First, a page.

Putting these two recordings by a chanteuse like the miraculous Brazilian Ithamara Koorax presents something of a risk and a reward. A risk, because you are tempted to plumb for one over the other. But no sooner than you listen to both, one after the other, you realise that the reward is greater. I for one can think of no other singers save Barbara Hendriks who has such a breathtaking range, or Kathleen Battle (and certainly no other Brasilian except Elis Regina) who spins stories the way Ms. Koorax does. The vocalist is quite wonderful. She ought to be declared a national treasure. To my mind she deserves the accolade more than anyone else performing today.
Performing is a key word here. Whether she is in the studio or live around the world the effect is the same. Such extraordinary drama, such infectious charm and such a spark of inflammable brilliance that Ms. Koorax creates the heat to make your blood run quicker. Not the heat of the hard-driven percussive kind; on the contrary, line is always respected. Tempos are up there with the pace but never over-pushed, and the instruments are always allowed to speak with warmth and humanity. And this is why, when Ithamara Koorax’s music is played everything is so right that the music itself courses through a room or a concert stage like early morning sun.
Anyone who knows the work of Ithamara Koorax ought to be prepared for anything. But even I was surprised by the compelling nature of her foray into the realm of classical arias from all over the world of opera and vocal chamber music and then performances around the world where she is as enthralling as she is singing popular charts from jazz musicians such as Herbie Hancock to rhythm and blues such as composed by Marvin Gaye. Each of these recordings then is a benchmark where the energy of the creative process is truly brought to life. Tempi are attractive and lively in both discs and songs are spun as if they were second nature to Ms. Koorax. Best of all, nothing is off limits and this has resulted in two of her most powerful recordings in all of her discography.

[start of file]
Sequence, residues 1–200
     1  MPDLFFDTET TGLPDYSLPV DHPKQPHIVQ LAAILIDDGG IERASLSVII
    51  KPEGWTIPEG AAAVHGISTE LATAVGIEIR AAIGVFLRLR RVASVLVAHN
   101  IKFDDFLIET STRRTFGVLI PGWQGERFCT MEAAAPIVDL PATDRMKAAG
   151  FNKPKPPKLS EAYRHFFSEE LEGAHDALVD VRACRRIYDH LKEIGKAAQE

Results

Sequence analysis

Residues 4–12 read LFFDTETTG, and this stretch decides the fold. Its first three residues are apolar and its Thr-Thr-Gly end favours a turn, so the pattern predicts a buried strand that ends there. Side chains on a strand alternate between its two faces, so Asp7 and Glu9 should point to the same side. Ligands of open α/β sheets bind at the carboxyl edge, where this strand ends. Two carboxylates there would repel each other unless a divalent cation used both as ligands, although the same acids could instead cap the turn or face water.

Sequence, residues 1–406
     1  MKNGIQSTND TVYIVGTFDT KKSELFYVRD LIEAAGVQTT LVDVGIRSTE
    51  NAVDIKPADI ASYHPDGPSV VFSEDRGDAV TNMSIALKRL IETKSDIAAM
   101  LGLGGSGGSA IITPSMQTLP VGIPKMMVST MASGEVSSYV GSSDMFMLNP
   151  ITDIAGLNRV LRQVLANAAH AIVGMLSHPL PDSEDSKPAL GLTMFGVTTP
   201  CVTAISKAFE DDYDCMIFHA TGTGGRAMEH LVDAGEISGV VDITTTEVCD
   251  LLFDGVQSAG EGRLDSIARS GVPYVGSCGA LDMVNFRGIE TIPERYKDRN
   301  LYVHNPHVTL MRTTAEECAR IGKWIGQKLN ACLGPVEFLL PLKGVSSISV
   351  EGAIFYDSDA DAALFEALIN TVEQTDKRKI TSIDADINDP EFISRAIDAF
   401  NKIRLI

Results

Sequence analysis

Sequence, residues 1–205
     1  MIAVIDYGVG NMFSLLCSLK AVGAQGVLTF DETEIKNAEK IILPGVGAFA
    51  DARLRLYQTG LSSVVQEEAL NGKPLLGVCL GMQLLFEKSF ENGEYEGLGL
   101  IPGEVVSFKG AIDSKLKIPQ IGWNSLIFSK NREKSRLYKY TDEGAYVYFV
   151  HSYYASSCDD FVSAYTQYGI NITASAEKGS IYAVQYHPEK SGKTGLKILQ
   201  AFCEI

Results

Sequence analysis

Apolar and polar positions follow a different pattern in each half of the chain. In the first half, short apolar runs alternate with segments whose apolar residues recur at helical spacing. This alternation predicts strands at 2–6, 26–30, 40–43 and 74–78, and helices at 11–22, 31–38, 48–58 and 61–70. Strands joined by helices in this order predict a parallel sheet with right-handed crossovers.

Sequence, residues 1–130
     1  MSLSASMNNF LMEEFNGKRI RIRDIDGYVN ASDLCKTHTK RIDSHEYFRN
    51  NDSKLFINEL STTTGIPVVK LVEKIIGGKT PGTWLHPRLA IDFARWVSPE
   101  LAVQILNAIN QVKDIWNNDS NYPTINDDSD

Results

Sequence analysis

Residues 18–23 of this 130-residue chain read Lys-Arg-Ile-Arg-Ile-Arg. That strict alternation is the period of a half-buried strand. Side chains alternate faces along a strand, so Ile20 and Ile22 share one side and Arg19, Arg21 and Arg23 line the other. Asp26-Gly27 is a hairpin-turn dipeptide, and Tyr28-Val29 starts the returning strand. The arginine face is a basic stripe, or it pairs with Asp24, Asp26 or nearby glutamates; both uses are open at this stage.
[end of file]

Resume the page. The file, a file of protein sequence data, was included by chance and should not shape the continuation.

Ithamara Koorax: Opus Classico
This disc is Ithamara Koorax’s soundtrack of memory. It appears to take her on a very personal journey with arias she obviously grew up with from operas by Richard Wagner and to the consecrated lieder of Chopin, to vocalese accompanying some of the iconic pieces of the modern era from masters such as Claude Debussy, Gabriel Fauré, Maurice Ravel and Heitor Villa-Lobos. The operetta selections seem to be the singer’s natural habitat and there is no denying the panache and brilliance of her performances. Her voice floats across octaves with such ease and she sings with brilliant colouratura that you could easily be tempted to declare her a classical diva.
She sings fluently in several languages. Her vocal counterpoint with the guitar of the prodigy Rodrigo Lima is flawless. She never over-interprets recitatives and narratives. Both she and the pianist Filipe Bernardo, the guitarist Mr. Lima and surprise of surprises, Raul De Souza each make exquisite bedfellows. Ms. Koorax is the ultimate perfectionist and this shows throughout the disc. Her interpretations are eternally fresh and as if walking on air. The accompanists offer extraordinary idiomatic support, hitting the right tempo for each number. There is so much to admire here, but I am tempted to suggest that her Ravel (“Pavane”), the “Vocalise” of Rachmaninoff and the “Ária das Bachianas Brasileiras” are simply the best.
Track List: Vocalise; Iluminada/Balada en Sol Menor No. 1; O Trenzinho do Caipira; Ária das Bachianas Brasileiras No. 5; Prelúdio de Solidão/ Prelúdio No. 3; Corpo e Luz/ Ária de ópera Tristão e Isolda; Adagio do ‘Concierto de Aranjuez’; Pavane; The Lamp is Low/Pavane; As Pombas; Coração Triste; Modinha; O Canto do Pajé; Stranger in Paradise/Danças Polovtzianas/My Reverie.
Personnel: Ithamara Koorax: vocals; Rodrigo Lima: guitar; Filipe Bernardo: piano; Raul De Souza: trombone.
Release date: March 2013
Running time: 59:10
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